The Morning Skate: What’s next in wild series?

News and notes entering tonight’s Stanley Cup Final showdown in Chicago.

Game 5: Boston Bruins at Chicago Blackhawks, 8 p.m. ET (watch on NBC or live online) – Series tied, 2-2

For the fourth time in the last five years – and 23rd time since the best-of-seven playoff format was introduced in 1939 – the Stanley Cup Final is knotted at two games apiece after four games. (It is also the 10th time that each team has won at home and away in the first four games of a Cup Final series.) The team winning Game 5 has gone on to win the Cup 15 of the 22 previous times, adding weight to tonight’s Game 5 at the United Center.

There were as many goals scored in regulation (10) of Game 4 as the first three games of the series combined, before Blackhawks defenseman Brent Seabrook ended it 9:51 into overtime, his second OT-winner of the postseason. Tuukka Rask’s home shutout streak reached a franchise-record 193:16, but then the Bruins goaltender proceeded to allow six goals for only the second time in his career. His league-leading goals-against average rose from 1.64 to 1.83 in the game. After giving up five goals, Blackhawks goalie Corey Crawford’s GAA climbed from 1.74 to 1.86.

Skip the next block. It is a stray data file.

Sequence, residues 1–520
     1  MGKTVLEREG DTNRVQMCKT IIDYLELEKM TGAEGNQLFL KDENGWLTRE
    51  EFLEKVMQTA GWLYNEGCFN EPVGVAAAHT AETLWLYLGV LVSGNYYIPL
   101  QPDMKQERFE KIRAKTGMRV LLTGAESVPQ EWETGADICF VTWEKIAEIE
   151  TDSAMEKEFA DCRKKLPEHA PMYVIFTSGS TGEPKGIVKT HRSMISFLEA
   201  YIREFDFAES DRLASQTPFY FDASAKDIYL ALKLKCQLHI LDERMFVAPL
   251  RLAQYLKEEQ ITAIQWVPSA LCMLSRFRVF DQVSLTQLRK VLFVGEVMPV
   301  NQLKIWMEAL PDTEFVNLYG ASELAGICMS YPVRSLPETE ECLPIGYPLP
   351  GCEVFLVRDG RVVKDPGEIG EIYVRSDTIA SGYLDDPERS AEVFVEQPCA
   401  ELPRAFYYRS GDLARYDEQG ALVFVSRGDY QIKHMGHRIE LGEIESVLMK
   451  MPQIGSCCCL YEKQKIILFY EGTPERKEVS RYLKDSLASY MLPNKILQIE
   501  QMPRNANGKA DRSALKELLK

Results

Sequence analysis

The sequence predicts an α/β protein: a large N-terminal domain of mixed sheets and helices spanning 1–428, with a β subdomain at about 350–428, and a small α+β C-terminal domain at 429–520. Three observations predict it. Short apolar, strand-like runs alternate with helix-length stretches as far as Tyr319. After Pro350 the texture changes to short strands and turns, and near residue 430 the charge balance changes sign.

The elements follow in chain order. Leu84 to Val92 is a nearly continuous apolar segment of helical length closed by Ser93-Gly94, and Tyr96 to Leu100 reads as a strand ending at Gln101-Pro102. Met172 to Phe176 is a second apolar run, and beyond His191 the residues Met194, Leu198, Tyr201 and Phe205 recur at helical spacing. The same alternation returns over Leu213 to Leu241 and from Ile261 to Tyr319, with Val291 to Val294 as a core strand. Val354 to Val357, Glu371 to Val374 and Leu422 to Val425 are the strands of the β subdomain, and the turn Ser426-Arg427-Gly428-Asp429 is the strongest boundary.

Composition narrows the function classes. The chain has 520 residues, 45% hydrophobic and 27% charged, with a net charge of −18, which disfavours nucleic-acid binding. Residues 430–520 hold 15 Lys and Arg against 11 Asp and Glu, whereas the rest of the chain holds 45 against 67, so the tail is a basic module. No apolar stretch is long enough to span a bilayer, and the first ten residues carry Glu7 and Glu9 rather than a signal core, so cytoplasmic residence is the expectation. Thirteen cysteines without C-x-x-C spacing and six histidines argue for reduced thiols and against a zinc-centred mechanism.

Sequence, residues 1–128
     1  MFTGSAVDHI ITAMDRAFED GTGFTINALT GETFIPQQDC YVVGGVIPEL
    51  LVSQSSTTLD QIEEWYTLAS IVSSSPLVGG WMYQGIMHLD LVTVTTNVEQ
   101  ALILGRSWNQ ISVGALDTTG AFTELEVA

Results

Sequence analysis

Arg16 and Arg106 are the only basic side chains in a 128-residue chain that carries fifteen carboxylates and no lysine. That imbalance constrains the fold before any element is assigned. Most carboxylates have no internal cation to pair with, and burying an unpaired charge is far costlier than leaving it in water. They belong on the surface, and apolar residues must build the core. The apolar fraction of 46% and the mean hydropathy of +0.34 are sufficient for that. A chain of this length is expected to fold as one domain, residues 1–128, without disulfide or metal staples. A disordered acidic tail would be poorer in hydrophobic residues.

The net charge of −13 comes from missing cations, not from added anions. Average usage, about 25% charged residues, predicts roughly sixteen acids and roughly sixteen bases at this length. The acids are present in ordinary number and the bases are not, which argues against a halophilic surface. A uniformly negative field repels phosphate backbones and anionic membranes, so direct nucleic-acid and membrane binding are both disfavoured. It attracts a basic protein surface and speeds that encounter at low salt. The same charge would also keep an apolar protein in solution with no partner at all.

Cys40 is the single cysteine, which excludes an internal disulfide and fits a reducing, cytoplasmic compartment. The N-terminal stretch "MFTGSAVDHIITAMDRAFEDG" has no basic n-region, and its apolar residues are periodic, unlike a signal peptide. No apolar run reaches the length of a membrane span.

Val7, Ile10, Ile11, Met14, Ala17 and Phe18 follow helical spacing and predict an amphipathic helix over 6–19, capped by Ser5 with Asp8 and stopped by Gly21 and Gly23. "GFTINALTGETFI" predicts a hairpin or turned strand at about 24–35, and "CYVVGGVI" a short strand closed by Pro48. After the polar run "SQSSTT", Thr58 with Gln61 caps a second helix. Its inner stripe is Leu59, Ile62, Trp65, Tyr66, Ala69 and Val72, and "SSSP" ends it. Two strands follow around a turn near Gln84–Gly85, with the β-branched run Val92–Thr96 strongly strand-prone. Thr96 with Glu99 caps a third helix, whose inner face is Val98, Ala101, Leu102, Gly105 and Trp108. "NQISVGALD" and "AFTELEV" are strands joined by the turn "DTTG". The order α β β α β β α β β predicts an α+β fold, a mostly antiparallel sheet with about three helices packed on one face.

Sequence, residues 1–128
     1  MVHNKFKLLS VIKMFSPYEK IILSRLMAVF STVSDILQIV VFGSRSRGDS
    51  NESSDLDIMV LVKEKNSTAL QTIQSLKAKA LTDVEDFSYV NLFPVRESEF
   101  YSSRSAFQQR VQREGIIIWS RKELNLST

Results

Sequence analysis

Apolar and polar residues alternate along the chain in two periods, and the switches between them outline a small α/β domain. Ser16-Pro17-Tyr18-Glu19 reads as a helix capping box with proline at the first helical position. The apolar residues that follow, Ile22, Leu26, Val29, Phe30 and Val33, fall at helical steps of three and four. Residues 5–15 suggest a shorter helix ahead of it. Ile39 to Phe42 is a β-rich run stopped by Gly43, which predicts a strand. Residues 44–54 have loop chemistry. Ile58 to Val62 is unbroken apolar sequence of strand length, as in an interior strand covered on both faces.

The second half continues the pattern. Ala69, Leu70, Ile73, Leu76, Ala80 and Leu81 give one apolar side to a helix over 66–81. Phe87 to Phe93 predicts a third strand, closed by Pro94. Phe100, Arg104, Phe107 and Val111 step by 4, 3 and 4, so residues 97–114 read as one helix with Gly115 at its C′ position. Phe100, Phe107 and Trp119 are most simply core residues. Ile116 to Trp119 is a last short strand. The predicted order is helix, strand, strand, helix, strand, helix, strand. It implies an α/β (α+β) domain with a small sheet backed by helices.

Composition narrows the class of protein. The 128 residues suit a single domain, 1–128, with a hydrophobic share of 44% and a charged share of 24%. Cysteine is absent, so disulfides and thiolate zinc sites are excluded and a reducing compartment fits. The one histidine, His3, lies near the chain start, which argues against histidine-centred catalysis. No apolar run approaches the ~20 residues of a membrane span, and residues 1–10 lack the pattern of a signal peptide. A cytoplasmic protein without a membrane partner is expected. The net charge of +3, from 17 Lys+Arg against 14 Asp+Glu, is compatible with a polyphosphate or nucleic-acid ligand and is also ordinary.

After combining for one assist in the first three games playing on separate lines, the Blackhawks’ reconstructed top line of Bryan Bickell – Jonathan Toews – Patrick Kane broke out in Game 4, combining for two goals and three assists. The Hawks improved to 3-0 all-time in the playoffs when Toews and Kane each scored a goal. On the flip side, the Bruins’ third line of Daniel Paille – Chris Kelly – Tyler Seguin, which lay behind three of four Boston goals in Games 2 and 3, were held off the scoresheet. Patrice Bergeron had two goals, his third and fourth of the series, which leads all skaters.